It was a disappointing weekend of Monarch tagging. Again.
This weekend was a repeat of last–with only one Monarch butterfly spotted, none tagged. I’m betting Monarchs migrated further west. Or more likely, this year’s crop was extremely thin. I don’t foresee more tagging weekends this fall. It’s over.
And honestly, we did not see the masses enjoyed in recent years. Sightings of 10 – 20 have replaced masses of 100-200.
According to the Journey North website, Monarchs crossed the border into Mexico this week. That suggests they have passed the Texas funnel. We may still see singles and strays, but the “massive” migration–a shadow of its former self–has passed.
From Nuevo Leon: “Today, Monarchs were spotted for miles over three hours in some parts of Monterrey this morning,” wrote Rocio Treviño of Mexico’s Monarch tracking project, Correo Real, on October 23. Similar bulletins were cited for Coahuila and Tamaulipas.
Tagged Monarch, raised at home. Many of the Monarchs we tagged this year we raised ourselves. Photo by Monika Maeckle
The butterflies have not arrived at their ancestral roosts in the mountains of Michoacán. On Thursday, Estela Romero, the Journey North correspondent on the ground in Michoacán, reported:
“Our graph recording Monarchs’ arrival this week, filled in inside our VW due to the intense rain: Z E R O on October 24.”
It’s difficult to be optimistic about the future of the Monarch migration. Every obstacle has been thrown in its path. Habitat destruction in the flyway, the breeding grounds and the roosting sites. Drought and climate change messing with the butterflies’ inherent cycles. Aerial spraying of pesticides and the use of herbicide tolerant crops. Continued illegal logging in Mexico.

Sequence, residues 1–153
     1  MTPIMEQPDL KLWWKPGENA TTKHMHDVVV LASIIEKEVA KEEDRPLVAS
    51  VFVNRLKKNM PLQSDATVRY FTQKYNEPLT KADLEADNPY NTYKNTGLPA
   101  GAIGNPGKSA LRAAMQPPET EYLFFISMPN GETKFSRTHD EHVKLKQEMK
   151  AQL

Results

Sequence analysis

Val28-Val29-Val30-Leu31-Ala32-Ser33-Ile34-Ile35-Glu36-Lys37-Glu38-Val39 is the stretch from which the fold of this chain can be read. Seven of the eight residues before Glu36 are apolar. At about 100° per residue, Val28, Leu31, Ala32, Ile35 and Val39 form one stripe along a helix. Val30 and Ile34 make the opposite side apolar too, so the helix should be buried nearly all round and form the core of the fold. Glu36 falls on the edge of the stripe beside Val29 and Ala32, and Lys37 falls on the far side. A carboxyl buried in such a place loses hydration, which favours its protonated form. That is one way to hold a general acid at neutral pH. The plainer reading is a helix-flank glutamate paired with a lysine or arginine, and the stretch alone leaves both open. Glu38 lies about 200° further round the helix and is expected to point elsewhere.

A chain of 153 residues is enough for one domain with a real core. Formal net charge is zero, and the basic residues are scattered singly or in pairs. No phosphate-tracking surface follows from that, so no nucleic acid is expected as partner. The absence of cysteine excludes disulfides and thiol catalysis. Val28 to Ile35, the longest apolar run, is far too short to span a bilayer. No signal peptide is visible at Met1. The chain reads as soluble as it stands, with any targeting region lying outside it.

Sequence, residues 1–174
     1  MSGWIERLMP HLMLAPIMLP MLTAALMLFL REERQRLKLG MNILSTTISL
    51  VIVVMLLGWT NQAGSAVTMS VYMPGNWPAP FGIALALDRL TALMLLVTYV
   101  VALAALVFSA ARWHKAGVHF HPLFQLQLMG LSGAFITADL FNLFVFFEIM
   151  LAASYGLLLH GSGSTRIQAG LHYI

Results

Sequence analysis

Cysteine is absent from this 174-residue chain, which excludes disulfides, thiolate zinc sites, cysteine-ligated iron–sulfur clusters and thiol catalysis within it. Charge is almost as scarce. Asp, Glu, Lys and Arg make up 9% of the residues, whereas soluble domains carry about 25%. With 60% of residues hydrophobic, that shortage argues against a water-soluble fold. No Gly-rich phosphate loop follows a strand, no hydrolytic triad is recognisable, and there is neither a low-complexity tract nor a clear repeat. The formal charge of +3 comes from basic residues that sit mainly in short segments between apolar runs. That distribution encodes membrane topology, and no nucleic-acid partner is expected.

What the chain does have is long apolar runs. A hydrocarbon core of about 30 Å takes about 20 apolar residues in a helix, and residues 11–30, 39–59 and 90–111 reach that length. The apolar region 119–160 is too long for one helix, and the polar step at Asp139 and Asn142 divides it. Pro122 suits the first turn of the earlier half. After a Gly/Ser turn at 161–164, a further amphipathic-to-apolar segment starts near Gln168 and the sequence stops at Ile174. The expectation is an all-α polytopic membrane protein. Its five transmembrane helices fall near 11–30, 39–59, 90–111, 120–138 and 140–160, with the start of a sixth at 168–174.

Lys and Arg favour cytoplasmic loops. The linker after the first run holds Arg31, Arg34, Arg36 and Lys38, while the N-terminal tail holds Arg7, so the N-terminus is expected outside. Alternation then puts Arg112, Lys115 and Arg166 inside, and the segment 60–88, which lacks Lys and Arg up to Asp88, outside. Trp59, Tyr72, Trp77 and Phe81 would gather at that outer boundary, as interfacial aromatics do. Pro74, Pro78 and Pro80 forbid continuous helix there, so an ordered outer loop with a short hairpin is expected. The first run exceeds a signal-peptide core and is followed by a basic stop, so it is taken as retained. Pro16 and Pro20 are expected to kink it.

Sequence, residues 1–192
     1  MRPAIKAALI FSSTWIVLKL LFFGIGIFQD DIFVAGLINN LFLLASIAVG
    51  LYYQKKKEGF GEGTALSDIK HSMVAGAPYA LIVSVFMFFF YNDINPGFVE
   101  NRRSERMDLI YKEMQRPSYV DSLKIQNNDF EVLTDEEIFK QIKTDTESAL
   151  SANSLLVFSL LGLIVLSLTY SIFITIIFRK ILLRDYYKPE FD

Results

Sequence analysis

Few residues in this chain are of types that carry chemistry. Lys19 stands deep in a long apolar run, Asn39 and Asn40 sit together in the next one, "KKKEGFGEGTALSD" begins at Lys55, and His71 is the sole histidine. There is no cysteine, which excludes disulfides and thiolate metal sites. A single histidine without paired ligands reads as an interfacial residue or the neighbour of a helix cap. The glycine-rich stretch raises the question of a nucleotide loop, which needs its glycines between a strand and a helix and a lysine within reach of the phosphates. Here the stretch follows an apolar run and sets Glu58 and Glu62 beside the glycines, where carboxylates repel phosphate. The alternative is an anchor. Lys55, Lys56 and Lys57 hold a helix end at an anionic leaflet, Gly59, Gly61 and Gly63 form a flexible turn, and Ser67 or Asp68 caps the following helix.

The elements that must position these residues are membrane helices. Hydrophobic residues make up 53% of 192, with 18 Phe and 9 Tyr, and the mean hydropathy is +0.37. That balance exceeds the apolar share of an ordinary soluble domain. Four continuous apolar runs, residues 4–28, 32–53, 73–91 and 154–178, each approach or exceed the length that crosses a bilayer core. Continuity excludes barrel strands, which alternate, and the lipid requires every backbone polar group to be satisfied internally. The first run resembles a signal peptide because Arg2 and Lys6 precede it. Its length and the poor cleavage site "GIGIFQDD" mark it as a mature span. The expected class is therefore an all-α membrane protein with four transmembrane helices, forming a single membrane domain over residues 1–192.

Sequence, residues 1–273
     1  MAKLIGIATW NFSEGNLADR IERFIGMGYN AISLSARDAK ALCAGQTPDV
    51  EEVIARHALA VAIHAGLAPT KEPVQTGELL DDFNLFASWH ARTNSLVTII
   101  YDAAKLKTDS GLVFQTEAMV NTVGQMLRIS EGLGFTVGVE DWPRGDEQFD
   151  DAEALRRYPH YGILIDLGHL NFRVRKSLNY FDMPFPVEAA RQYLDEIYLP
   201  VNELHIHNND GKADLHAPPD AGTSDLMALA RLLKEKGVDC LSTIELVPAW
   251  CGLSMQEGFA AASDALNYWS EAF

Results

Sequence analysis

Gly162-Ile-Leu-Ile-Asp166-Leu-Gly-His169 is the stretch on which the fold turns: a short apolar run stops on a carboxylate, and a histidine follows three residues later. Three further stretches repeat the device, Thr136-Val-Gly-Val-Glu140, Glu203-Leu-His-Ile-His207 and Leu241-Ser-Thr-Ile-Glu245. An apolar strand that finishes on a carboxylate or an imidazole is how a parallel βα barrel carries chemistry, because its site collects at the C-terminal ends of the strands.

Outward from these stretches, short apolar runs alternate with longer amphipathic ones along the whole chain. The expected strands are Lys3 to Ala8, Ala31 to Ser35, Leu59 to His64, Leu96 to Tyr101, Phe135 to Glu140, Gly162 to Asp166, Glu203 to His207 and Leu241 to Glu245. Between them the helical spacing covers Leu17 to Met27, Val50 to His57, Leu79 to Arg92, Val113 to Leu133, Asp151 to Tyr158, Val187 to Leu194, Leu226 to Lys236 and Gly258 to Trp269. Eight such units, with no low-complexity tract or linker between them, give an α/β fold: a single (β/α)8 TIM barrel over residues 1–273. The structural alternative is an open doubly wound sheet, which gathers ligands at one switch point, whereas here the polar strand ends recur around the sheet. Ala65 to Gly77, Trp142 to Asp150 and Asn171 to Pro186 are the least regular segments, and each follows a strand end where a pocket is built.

The one good note is that people are paying attention. We are planting milkweed. Monarch butterfly festivals are hatching across the hemisphere. More people are raising butterflies at home.
Last fall, a 3-D IMAX movie, “Flight of the Butterflies” was released, sharing the story of the Monarch migration to rave reviews and multiple awards. And scientist-turned-eloquent-author Barbara Kingsolver‘s latest novel, “Flight Behavior,” used Monarch butterflies to tackle the complex subject of climate change.
Happy Monarch butterfly chrysalises. We fostered many Monarchs from wild eggs and caterpillars this year. Photo by Monika Maeckle
Are Monarch butterflies the panda bears of climate change? The beloved creatures hold universal appeal. They don’t sting or bite. They are beautiful and accessible. They migrate across three countries, serving as a living metaphor for our innate interconnectedness.
Pandas are endangered, Monarchs are not. But many would argue that the Monarch migration is rushing toward a dangerous path of extinction.
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